Correction is a sign of love and acceptance. To reject it is to reject the grace and the care that God and His people extend to us.
This article is based on a preaching of Pastor Joseph Bonifacio for Unite 714 in May 2020.
Did you know that the Bible calls some people stupid?
“Whoever loves discipline loves knowledge, but whoever hates correction is stupid.”
Proverbs 12:1 (NIV)
Yes, the word stupid is in the Bible. But what does God call stupid? Who does He call stupid?
There are moments in our lives where we feel we may have said or done something stupid. “Ang bobo naman nun, bakit ko sinabi yun?” In awkward conversations, when you make a mistake in grammar or vocabulary, or when you make a social faux pas, tapos napahiya ka. That’s usually our gauge for stupidity.
But God’s standard is different. The verse says, “Whoever hates correction is stupid.” In other words, puede magkamali sa ibang bagay. But when we don’t want to be corrected for those mistakes, that is stupidity. When we are afraid to ask for help so we can be set right, that is stupidity.
This is a good question for us to ask ourselves today. “How do I respond to correction?”
When someone points out something I did wrong, what’s my response? Am I grateful? Am I angry? Am I defensive? Do I just want to get it over with and say, “Oo na, sorry na!”?
How do we know we hate correction? It is when we get angry or offended at people who correct us. I like the way Pastor Jim Laffoon summarized it: “If it costs too much for people to correct you, eventually they will stop doing it.” And it will be a loss for us, which is why the Bible calls it stupid. Because that uncorrected heart, thought, or habit will always be a glaring part of our life, our soul, our character, and our work.
We may hate correction because we’ve experienced being verbally or emotionally abused when we made a mistake in the past. Someone may have spoken out of a bad or malicious heart, and that may have scarred us emotionally. We may have gone away feeling judged and rejected by people whose opinions matter to us. And it’s true that we may need to receive emotional healing from those experiences. But we should not use past experiences as an excuse to continue to hate correction. We will only be hurting ourselves. We will miss out on a learning experience. We will miss out on enjoying our relationship with the person who gave the correction.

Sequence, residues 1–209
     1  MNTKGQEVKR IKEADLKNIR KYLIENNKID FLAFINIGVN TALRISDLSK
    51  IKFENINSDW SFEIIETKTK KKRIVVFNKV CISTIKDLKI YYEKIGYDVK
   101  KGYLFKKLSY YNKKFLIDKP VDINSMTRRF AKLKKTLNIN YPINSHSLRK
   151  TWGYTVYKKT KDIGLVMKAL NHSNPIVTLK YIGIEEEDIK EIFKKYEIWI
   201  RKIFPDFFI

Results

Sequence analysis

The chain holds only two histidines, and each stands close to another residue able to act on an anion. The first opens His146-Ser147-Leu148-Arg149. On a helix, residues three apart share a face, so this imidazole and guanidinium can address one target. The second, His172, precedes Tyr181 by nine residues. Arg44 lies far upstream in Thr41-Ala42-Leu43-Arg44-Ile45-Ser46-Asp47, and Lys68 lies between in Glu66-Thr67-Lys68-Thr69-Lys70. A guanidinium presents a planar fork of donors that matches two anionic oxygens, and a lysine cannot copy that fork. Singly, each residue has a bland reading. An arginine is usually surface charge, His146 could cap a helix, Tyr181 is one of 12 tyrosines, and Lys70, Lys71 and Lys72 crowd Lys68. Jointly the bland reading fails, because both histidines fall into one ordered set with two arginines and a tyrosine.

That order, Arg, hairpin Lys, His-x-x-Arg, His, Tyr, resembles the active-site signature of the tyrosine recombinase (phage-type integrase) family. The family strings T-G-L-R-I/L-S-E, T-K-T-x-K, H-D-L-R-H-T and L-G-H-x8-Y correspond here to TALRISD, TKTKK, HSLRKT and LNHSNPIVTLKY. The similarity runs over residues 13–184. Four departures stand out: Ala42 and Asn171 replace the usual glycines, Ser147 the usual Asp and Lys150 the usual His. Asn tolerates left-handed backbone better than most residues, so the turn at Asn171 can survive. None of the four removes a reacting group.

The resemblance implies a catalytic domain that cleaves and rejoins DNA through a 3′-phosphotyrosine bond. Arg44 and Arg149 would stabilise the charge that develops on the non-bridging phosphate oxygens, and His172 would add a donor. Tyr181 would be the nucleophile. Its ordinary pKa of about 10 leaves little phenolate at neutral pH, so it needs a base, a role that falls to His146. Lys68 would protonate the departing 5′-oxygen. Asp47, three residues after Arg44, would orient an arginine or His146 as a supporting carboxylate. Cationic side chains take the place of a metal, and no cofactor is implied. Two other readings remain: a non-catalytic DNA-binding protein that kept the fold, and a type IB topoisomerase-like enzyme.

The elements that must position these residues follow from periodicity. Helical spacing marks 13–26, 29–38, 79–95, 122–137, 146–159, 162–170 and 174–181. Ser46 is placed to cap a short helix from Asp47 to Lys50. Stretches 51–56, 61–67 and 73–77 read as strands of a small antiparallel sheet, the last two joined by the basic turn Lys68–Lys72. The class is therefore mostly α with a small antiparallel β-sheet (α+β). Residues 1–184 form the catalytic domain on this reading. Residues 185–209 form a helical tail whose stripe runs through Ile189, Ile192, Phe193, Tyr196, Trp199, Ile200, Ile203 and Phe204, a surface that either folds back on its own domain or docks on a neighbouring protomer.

The Bible describes correction as a gift. Correction is not a sign of rejection—in fact, it’s a sign of love and acceptance. We need to see it from God’s perspective.
“My son, do not despise the Lord’s discipline,
and do not resent his rebuke,
because the Lord disciplines those he loves,
as a father the son he delights in.”
Proverbs 3:11,12 (NIV)
Looking at the bookends of these verses, we see that the Lord’s discipline has relational value. Correction comes through loving relationships and is a sign of acceptance in a relationship.
Do you know who doesn’t get corrected? Someone who doesn’t have anyone who cares about them! Someone who doesn’t have anyone who cares if they take the wrong path or if they wreck their relationships. Thank God we have a spiritual family that speaks the truth in love and a Holy Spirit that disciplines and rebukes!
Maybe, even during this pandemic, God is revealing junk in your heart. He is showing you things to correct in the way you talk to your family members, the way you perceive Him, the way you perceive the ministry, and in how little you believe the Word.
This isn’t a sign of rejection or condemnation. It’s not God’s way of saying, “Ang pangit pala ng ugali mo. Bagsak ka pala this whole time.” No, this is a sign of God’s love. God is saying, “I love you and I don’t want you to stay that way. So I’m going to show you some parts of your heart that need to change, and I’m going to change them with the power of the Holy Spirit.”
Let’s not be stupid. Let’s trust God, our Heavenly Father, and thank Him for His discipline in our lives.
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